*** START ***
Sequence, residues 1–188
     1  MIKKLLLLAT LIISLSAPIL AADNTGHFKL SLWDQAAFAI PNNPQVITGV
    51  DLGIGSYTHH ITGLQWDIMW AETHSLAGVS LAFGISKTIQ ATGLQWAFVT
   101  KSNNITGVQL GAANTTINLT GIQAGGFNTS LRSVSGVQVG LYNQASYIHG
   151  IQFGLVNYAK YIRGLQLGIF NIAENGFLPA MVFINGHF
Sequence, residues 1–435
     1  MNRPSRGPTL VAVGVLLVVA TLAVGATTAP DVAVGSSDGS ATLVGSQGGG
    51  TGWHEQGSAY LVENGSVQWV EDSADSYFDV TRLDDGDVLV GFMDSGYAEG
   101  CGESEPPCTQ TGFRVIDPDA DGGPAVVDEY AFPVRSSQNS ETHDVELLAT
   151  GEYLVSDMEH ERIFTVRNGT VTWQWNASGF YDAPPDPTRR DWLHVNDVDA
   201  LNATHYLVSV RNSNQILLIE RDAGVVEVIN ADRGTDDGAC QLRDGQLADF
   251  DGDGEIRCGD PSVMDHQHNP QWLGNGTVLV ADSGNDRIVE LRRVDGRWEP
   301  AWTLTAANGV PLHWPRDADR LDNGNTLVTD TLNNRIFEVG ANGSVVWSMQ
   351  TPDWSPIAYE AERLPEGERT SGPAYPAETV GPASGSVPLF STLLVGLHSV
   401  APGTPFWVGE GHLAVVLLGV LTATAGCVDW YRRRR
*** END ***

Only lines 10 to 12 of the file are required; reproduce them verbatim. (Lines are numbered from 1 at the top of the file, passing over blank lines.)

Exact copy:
   151  GEYLVSDMEH ERIFTVRNGT VTWQWNASGF YDAPPDPTRR DWLHVNDVDA
   201  LNATHYLVSV RNSNQILLIE RDAGVVEVIN ADRGTDDGAC QLRDGQLADF
   251  DGDGEIRCGD PSVMDHQHNP QWLGNGTVLV ADSGNDRIVE LRRVDGRWEP